What to do if you hit a deer
Oh, deer, I said last month, after my car slammed into a deer on Interstate 64 in Missouri.
Actually I don’t think I said anything out loud, but what I thought would have to be censored. I had kept my little bright blue car so shiny and driven so carefully, I did think as I braked to a stop and popped on the emergency flashers.
I was headed to the farm in Missouri, tooling along at 65 mph just before the highway connects to Interstate 70 in Wentzville. All of a sudden I saw a quick flash of color out of the corner of my right eye and then — POW — a deer ran into the right front corner of my exactly 11-month-old car
Unlike the metro-east woman who ran into a tree while trying to dodge a deer, I had no time to react. It didn’t hurt me but my dog, Maxie, who is 16 and not too steady on her feet, bounced off the back of my seat and ended up down on the floorboard, unhurt but looking confused. She never trusts me and I guess this is one of the reasons why.
I hopped out and surveyed the damage, hoping that the liquid on the ground was from the windshield wiper tank and not the radiator. Fluid and little pieces of the plastic tank were on the ground and it indeed was windshield wiper fluid. I knew because I could see that the reservoir for the radiator was untouched where the front car that usually covers such things wasn’t there anymore. Neither was the headlight or most of that corner of the car.
Well, some of it was there but it was bent back around the right front tire. My car looked like a face with the right side caved in, missing an eye.
Luckily a deputy sheriff from Lincoln County, Missouri., was cruising behind me and he kindly stopped to offer assistance, even though I was in St. Charles County. We determined that the car probably could still be driven. He went to his car and brought back a couple of bungee cords, wrapped the plastic fender back around the front and tied it off.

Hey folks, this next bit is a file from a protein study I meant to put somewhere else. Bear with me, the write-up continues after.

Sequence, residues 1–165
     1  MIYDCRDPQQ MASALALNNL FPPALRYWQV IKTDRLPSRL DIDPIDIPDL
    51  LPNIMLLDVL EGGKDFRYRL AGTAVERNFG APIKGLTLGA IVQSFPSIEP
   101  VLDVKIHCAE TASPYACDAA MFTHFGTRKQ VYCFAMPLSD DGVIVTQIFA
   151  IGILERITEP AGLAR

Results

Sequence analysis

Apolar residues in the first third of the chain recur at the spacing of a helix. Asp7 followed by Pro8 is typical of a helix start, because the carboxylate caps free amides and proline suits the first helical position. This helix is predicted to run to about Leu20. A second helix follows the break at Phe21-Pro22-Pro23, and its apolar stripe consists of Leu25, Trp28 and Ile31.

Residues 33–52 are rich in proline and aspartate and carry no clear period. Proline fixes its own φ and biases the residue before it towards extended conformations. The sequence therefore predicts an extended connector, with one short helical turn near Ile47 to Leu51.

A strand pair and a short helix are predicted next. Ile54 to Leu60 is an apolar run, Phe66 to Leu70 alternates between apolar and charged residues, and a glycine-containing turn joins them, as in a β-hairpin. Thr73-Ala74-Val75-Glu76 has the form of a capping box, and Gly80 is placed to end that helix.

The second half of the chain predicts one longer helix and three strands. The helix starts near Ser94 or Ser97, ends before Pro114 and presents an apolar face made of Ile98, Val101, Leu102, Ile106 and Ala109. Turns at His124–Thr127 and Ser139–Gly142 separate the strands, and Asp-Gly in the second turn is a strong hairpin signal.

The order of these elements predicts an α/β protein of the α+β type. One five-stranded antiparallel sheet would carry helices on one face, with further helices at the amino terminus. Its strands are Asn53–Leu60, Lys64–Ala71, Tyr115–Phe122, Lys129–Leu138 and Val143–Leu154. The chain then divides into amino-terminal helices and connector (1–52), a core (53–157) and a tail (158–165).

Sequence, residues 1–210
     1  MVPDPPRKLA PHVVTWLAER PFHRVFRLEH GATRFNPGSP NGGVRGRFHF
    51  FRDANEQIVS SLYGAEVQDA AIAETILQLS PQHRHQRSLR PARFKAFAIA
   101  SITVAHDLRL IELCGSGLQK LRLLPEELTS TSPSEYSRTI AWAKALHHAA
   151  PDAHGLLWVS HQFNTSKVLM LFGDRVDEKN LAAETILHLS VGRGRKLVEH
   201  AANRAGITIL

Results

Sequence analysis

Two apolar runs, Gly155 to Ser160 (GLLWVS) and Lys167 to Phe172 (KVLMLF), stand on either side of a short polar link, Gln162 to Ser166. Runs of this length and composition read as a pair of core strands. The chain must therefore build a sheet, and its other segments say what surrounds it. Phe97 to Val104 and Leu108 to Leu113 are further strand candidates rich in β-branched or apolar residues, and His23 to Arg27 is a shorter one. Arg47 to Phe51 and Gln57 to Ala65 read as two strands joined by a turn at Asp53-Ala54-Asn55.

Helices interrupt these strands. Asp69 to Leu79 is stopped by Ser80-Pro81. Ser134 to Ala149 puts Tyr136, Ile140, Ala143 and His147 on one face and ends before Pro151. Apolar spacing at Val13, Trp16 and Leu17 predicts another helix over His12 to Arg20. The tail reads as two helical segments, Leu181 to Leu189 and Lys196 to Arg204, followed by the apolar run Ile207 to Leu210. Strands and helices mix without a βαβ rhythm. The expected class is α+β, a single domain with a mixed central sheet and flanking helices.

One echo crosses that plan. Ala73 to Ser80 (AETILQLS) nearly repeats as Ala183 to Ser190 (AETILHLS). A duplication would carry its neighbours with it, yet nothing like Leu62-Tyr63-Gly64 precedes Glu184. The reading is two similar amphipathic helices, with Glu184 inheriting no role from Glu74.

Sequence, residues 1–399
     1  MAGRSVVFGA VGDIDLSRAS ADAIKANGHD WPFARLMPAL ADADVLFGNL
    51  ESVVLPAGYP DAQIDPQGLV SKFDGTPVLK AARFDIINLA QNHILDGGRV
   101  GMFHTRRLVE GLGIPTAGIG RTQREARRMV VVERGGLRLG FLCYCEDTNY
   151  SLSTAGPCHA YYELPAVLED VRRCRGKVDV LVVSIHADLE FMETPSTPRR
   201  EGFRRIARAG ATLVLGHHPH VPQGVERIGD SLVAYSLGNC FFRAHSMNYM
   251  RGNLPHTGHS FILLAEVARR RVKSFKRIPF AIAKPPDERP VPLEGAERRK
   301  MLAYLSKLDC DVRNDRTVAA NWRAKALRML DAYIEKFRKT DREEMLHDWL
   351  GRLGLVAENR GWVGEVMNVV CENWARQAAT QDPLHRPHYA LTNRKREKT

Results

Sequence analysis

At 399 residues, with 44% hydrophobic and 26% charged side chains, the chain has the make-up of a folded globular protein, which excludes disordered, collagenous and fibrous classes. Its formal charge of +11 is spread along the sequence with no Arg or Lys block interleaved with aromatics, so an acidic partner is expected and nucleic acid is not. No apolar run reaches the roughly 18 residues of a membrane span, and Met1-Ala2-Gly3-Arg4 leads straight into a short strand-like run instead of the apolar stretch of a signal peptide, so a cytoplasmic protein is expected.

I drove the hour or so back to Belleville at a more sedate pace. The display in the center of my driver’s dashboard told me only that “Windshield washer fluid is low.” Seemed odd to have only that warning with all the damage I saw.
It was only after a half-hour or so of driving that the car decided to tell me that “Headlight assembly inoperative.” And later it added that “Front sensors not functioning,” or something like that.
But those were just quick updates. After displaying those messages, the screen still kept insisting that the windshield washer fluid was low, as if that was the most important thing in the world and never mind the other damage.
After a few weeks in the car hospital and after I wrote a check for my insurance deductible, my car is purring along again. But as I drove away, the car insisted once more that “Windshield washer fluid is low.”
Maybe they forgot to fill the new tank, I thought, as I stopped and bought some fluid to top it off. Nope, the screen continued to insist that “Windshield washer fluid is low.” It still washed the windshield but apparently the new parts that sensed when it was empty were faulty. Everything is fixed now, but what a cost. Thank heavens for insurance.
State Farm Insurance says that the average cost of hitting a deer is more than $4,000. A story I just read talked about how much more it is costs to fix cars these days with all the new equipment. That was true in my case as the damage totaled nearly $7,000.
Everything is fixed but it doesn’t make me any more comfortable now when I’m driving. I’ve had my driver’s license for 50 years and have had a few accidents, some my fault. But never have I come that close to hitting a deer. I guess I was due.
State Farm says the odds of hitting a deer in Missouri are 1 in 112. Illinois is better at 1 in 204, so I guess I should stay home more. Maybe I’m safer because it would seem that the odds of hitting two deer have to be longer. But I’m not betting on it. Maybe I’m due again.